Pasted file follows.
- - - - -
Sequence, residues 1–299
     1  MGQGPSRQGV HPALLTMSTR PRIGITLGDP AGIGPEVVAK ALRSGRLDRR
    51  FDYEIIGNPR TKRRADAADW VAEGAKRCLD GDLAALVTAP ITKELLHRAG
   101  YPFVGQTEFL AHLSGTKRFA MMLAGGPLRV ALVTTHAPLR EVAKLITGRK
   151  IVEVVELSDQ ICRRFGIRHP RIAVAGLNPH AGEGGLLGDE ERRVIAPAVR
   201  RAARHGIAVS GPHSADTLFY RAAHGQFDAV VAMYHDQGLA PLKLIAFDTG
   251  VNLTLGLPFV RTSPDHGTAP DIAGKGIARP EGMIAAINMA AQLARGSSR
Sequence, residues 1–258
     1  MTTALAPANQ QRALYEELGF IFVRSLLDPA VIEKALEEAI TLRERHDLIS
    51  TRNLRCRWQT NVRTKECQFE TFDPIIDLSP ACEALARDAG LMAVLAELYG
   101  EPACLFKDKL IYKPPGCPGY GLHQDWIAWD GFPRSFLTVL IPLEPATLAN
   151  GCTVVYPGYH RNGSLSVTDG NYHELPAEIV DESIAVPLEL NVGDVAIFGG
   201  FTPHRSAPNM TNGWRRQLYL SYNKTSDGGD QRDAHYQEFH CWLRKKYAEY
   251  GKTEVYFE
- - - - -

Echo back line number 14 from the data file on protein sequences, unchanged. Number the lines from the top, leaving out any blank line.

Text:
   251  GKTEVYFE